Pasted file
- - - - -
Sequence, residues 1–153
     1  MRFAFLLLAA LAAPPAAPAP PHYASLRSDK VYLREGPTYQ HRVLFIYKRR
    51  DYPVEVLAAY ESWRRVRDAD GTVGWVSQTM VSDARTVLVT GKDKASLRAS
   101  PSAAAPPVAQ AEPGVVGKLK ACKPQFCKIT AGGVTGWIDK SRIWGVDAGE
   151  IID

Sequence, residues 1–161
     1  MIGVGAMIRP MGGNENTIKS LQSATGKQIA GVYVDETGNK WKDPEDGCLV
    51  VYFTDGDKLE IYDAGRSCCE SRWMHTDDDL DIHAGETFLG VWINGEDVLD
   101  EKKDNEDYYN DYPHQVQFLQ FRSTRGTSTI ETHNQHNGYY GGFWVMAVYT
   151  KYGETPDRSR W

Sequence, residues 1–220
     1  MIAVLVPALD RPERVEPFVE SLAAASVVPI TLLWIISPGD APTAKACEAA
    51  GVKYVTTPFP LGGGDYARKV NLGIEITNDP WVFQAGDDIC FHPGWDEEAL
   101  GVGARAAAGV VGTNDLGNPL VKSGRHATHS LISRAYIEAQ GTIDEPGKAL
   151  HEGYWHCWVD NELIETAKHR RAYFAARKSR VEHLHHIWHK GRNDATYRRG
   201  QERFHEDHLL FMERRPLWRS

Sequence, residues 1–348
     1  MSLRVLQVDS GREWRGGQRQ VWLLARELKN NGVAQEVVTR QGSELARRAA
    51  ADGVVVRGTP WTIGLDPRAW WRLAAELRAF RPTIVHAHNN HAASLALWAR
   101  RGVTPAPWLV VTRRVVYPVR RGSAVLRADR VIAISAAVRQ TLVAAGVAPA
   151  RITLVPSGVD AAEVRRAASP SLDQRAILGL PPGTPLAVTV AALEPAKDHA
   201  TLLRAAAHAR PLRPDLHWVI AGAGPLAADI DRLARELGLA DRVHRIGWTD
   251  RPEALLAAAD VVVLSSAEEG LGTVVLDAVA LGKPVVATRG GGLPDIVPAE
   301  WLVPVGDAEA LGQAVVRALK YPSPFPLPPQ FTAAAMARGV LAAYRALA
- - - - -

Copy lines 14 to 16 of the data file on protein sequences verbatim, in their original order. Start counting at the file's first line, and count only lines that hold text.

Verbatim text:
   101  GVGARAAAGV VGTNDLGNPL VKSGRHATHS LISRAYIEAQ GTIDEPGKAL
   151  HEGYWHCWVD NELIETAKHR RAYFAARKSR VEHLHHIWHK GRNDATYRRG
   201  QERFHEDHLL FMERRPLWRS